General approach: We can still use differential shrinkage, but:

  • Use glmnet() for speed and cv.glmnet() for optimal shrinkage in each group.
  • Speed advantages for now are extreme
  • Uncertainty calculations can come later

But First: What Do We Mean By "Replacement"?

A concept in development: A player that could be immediately acquired from the open market (standard definition).

Two purposes: 1) Comparative – how would a player in a similar position do? 2) Statistical – what should we shrink towards if not "average"?

Our proposed definition is the "Poor Man's Replacement": replace the indicator for a player who has a limited number of "trials" with a generic player identifier for all such players.

Step 1: Faceoffs

Initial inspiration Model is Bradley-Terry like. For the outcome as a faceoff win for the home team:

\[ Y_i \sim Bin(1, p_i) \]

\[ logit^{-1}(p_i) = \mu_i + \alpha_{home[i]} - \alpha_{away[i]} \]

What modifications?

  1. PMR 1: pool all players who are centers with fewer than 50 faceoffs taken in a season
  2. PMR 2: pool all players who are not centers with fewer than 50 faceoffs taken in a season
  3. Shrinkage: use glmnet() and cross-validation to regularize estimates (very little needed)

Step 1: Faceoffs

Step 1: Faceoffs

In both cases, we have detected a distinct, negative effect for a replacement level player.

Estimated effect against replacement:

\[ alpha_k - alpha_{repl} \]

Estimated performance: difference between realized wins and modelled wins with replacement player.

\[ F_{net}(k) = \sum_i (Y_i*I(home[i]=k) + (1-Y_i)*I(away[i]=k)) - \sum_i E(Y_i|replacement_k) \]

Conversion: 0.013 faceoff wins/goal.

Step 1: Faceoffs

Step 1: Faceoffs

Top 5 performances of last 10 years:

##               Name   season FO.GAR
## 1  Rod Brind'Amour 20052006   5.15
## 2 Patrice Bergeron 20132014   3.55
## 3  Rod Brind'Amour 20062007   3.45
## 4      Chris Drury 20052006   3.32
## 5 Antoine Vermette 20132014   3.27

Bottom 5 performances of last 10 years:

##              Name   season FO.GAR
## 1      Eric Staal 20092010  -0.74
## 2    Mike Ribeiro 20142015  -0.76
## 3 Markus Granlund 20142015  -0.78
## 4 Andrew Cogliano 20082009  -0.93
## 5     Kevin Hayes 20142015  -1.05

Step 2: Penalties

Full Poisson model for each individual, taken or drawn:

\[ Y_{k} \sim Po(\lambda_k T_k) \]

Execution: your favorite GLM method with shrinkage built in.

Poor man's replacement: one for each of taking/drawing, one for offense/defense (four total)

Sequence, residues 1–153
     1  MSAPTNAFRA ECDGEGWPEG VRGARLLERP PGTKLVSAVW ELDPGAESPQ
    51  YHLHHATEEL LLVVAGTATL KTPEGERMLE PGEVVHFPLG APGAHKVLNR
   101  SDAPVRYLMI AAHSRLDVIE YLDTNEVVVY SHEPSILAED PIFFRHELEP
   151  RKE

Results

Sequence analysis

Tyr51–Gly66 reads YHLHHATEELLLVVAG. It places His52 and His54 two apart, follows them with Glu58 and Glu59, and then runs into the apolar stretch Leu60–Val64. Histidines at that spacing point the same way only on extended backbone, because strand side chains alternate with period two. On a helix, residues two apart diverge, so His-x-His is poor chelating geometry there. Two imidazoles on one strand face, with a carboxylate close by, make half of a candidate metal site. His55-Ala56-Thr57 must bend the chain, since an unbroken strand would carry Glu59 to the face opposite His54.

Step 2: Penalties

Step 2: Penalties

Conversion: 0.17 goals/net penalty (based on success rate of power plays)

Step 2: Penalties

Step 2: Penalties

Top 5 performances of last 10 years:

##               Name   season diff.GAR
## 1     Dustin Brown 20082009 9.110639
## 2     Dustin Brown 20092010 9.013138
## 3    Brad Richards 20052006 8.643763
## 4 Patrice Bergeron 20052006 7.759772
## 5     Dustin Brown 20072008 7.648206

Bottom 5 performances of last 10 years:

##           Name   season  diff.GAR
## 1    Ben Eager 20062007 -4.266480
## 2 Brendan Witt 20052006 -4.363690
## 3   Chris Neil 20052006 -4.719525
## 4 Jarkko Ruutu 20052006 -5.250302
## 5   Sean Avery 20052006 -6.876339

Step 3: Shot Rates

Reminder: the 2013 model for Poisson and goals started like this:

\[ \log \lambda_H = \mu_H + \alpha_C + \beta_D \] \[ \log \lambda_A = \mu_A + \alpha_D + \beta_C \]

\(\mu_H\) and \(\mu_A\) initially includes:

  • score of the game
  • in which zone the event happened
  • if the home team won the faceoff

Step 3: Shot Rates

Original paper had general criticism: goals are relatively infrequent when measuring ability. Splitting into shots on goal and goals from shots lets us decouple the goaltender from the shooting process.

Except there are building biases when it comes to recording shots on goal by building.

Shot Rate Pre-Processing

Assume for now that the only biases are undercount and overcount, without a "homer" bias to a particular team. Then we can preprocess our offset for every interval of the form:

glm (TotalEventsFor ~ factor(ScoreDifference) +
                      factor(FaceoffZoneWin) +
                      factor(TeamFor) + factor(TeamAgainst) +
                      offset = log(TOI), family=poisson)

Eliminate the team-for and team-against effects and fit the subsequent model with players with the remaining offset.

Shot Rate Splits

Decision time: known that different shots have different probabilities of success.

  • Could fit one Poisson model for all shot attempts, one super-binomial model for scoring on shots
  • Could fit multiple models for shot attempts based on discretization, one model each for scoring on shots

"Danger Zones"

Earlier adoptions of "shot quality" arguments weren't taken as seriously by many in the online community or by broadcasters. Our group's innovation:

  • Start with corrected shot locations as in the previous plot and bin by location.
  • If a shot is classified as a "rebound" or "rush", upgrade it to the next bin.
  • Discount shots that are blocked by opposing players due to (x,y) being the location of the block.

We now have low, medium and high danger shot attempts; we assign a Poisson process to each of them and fit accordingly. Also fitting 3 models for 5v5, 5v4 and 4v4 play respectively.